Selling Your Home: Owning a home isn’t the only way to qualify for tax deductions; selling a home offers you the chance to receive significant benefits, too. If you advertised the sale of your home, purchased title insurance, or paid real estate broker fees, you can write those payments off. If you made repairs prior to selling the home, write them off. Better yet, if you make less than a $250,000 profit when selling your home, you don’t get taxed on that income (so long as you owned and lived in the home for at least 2 years prior to selling). Lastly, if you are forced to move more than 50 miles away because of a job, you can write off a majority of moving expenses.

Property Tax: Any state and local property tax you pay (for both your residing home and other owned real estate) is deductible (so long as you are choosing to itemize your return). Be sure to keep in mind:

  • You can only deduct property taxes from the month you purchased the home. This means, if you bought your home in December, you can only deduct one month of property taxes.
  • Certain fees on your property tax bill look like taxes, but are in fact just miscellaneous fees and are not deductible. These fees include a water service eee, a trash collection fee, and any costs that accounted for maintenance to your property (i.e. the installation of a new sidewalk).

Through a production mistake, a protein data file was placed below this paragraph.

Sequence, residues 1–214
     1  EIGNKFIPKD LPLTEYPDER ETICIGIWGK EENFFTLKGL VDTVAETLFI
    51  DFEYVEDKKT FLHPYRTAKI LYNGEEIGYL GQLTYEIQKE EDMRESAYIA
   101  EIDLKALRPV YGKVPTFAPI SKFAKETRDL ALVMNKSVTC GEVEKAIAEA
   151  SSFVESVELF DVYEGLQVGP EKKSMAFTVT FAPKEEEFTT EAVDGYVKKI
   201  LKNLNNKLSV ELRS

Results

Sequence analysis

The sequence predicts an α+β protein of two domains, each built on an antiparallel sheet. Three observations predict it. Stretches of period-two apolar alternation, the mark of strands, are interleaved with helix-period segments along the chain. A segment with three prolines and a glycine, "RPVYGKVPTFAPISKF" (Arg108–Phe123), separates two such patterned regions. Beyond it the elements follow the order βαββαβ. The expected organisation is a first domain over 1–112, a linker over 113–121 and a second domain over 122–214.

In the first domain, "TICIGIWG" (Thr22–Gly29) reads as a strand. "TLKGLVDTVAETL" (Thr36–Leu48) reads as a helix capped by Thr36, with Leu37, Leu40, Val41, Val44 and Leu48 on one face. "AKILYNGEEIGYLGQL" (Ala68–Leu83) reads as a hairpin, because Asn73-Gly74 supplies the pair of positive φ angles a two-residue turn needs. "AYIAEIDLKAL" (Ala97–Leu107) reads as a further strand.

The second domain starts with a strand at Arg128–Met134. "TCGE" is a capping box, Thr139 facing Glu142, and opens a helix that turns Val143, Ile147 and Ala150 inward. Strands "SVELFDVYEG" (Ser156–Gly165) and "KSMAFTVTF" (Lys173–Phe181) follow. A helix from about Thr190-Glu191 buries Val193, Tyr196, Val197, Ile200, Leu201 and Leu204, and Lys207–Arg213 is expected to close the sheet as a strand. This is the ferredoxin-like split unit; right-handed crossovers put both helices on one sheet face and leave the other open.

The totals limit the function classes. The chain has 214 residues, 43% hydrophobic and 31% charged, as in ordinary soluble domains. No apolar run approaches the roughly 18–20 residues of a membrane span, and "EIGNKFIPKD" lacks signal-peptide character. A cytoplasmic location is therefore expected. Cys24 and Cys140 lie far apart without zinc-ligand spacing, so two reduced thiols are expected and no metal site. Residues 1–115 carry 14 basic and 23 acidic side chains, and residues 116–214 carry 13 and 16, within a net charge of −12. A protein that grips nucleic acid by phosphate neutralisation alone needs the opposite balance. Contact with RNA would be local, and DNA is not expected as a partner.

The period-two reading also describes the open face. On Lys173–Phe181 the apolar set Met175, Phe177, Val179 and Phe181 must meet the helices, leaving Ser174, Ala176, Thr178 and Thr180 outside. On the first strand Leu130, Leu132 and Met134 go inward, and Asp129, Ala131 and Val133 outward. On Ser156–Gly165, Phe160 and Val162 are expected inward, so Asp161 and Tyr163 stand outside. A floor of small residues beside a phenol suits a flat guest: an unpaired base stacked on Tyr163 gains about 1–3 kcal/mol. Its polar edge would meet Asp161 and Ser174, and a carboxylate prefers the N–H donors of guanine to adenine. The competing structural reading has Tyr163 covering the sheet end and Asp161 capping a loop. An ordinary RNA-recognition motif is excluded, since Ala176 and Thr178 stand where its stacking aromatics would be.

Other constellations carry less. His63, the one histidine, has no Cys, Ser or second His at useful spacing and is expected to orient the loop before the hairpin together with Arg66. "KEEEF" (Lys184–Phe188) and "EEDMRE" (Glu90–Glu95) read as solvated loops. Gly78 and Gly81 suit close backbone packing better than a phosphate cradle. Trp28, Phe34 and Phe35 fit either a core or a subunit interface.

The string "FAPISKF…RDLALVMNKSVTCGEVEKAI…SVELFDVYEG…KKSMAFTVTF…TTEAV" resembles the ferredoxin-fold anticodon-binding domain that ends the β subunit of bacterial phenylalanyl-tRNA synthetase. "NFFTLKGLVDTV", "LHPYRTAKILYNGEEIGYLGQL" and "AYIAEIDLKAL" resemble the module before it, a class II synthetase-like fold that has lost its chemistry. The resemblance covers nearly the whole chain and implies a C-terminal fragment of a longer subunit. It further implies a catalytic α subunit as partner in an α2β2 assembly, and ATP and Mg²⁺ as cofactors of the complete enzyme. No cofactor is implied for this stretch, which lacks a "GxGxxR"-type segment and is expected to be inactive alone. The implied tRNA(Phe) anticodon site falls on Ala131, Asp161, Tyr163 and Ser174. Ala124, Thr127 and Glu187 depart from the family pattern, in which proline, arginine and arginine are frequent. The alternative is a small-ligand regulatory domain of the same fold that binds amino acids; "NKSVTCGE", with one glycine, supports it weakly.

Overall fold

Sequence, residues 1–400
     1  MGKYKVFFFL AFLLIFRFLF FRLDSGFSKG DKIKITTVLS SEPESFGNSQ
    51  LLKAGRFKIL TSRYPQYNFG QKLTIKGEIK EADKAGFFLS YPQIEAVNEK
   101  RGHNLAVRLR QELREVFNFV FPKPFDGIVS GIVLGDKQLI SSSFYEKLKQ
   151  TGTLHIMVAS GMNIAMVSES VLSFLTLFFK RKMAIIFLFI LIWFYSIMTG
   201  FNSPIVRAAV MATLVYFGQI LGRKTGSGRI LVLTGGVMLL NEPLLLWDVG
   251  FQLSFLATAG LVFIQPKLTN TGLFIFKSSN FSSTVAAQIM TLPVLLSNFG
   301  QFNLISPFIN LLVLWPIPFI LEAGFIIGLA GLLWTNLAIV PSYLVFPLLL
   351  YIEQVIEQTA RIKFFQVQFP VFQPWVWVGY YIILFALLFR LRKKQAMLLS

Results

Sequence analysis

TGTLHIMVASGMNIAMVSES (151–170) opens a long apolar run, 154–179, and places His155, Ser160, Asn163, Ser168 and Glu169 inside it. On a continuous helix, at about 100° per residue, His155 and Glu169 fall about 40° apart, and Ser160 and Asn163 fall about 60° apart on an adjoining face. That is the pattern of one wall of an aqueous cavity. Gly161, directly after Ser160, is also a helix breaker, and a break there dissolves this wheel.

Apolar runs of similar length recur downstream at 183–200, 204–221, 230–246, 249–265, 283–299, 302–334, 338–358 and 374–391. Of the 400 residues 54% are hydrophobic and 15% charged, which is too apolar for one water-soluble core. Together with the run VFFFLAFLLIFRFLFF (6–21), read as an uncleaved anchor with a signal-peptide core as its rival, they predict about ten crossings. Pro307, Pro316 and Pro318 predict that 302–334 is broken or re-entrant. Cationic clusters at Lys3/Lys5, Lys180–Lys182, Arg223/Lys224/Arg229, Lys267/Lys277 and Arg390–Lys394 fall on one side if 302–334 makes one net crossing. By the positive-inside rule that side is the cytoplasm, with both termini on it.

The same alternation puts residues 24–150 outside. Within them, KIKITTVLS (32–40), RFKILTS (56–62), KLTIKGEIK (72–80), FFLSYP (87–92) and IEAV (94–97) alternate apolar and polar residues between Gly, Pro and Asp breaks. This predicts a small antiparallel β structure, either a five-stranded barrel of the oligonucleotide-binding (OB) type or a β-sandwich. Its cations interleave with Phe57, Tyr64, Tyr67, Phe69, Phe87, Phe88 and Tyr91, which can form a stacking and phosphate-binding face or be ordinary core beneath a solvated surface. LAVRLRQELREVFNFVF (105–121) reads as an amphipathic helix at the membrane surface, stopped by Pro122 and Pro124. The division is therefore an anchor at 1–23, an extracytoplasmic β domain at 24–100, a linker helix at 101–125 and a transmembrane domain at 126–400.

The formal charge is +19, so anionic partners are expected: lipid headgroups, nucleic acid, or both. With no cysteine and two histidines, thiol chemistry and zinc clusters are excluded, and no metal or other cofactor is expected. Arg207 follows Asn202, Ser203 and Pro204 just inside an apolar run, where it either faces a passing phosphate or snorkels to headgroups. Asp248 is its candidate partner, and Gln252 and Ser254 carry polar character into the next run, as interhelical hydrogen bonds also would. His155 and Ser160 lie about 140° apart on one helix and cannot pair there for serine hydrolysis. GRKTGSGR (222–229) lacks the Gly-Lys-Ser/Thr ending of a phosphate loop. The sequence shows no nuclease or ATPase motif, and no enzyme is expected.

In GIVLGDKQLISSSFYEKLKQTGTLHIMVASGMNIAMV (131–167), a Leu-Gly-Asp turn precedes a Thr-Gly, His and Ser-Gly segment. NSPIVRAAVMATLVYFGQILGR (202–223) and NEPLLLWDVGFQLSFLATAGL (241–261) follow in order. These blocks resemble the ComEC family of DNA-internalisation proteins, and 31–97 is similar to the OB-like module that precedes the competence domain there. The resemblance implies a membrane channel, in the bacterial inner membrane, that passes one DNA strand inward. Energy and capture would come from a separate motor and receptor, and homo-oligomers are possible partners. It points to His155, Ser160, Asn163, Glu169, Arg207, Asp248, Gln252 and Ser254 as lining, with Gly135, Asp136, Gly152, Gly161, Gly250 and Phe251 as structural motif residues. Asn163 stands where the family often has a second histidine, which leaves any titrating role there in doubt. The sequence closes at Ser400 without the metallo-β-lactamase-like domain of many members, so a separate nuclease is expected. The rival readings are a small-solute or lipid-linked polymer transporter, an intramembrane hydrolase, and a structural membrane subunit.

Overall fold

Green Upgrades: A great way to save money during tax season is by installing energy efficient appliances or performing any “green” upgrades. Updates like insulation, energy efficient windows and doors, and high efficiency air conditioners and heaters can give you up to a $500 credit. The credit for more extensive projects, like installing solar energy panels, is 30 percent of the cost including the product, installation, and wiring.

Casualty Losses: According to the IRS, if your property was damaged by a sudden, unexpected, or unusual event (i.e. natural disaster, burglary, vandalism etc.), you will have the chance to make money back. As long as you pay at least 10 percent of your income out-of-pocket to cover damages, you can write-off the remainder. Sounds great, right? Just keep in mind these stipulations:

  • If your insurance or a lawsuit covers any loss or damages, chance for a deduction is nullified.
  • You can only write off the fair market value of whatever was stolen or damaged. This means, if the computer you bought for $1,200 in 2011 was destroyed in a flood, you would only be able to write off somewhere in the neighborhood of $800.

Home Office: If you own a small business or have a dedicated office space in your home (no, the family room where you took a few business calls does not count), you probably qualify for a home office deduction. If you do in fact qualify, you have the ability to deduct:

  • Any direct expenses used to maintain the office space.
  • If your office space takes up 20 percent or more of your home, you can deduct 20 percent of your bills for utilities, homeowners insurance, homeowners association fees, security and general repairs and maintenance.
  • Interest and property taxes.

These are just a few of the many homeowner tax tips people have come to depend on, so be sure to consult with a CPA before filing. That way, you are more likely to get back the money you deserve this year.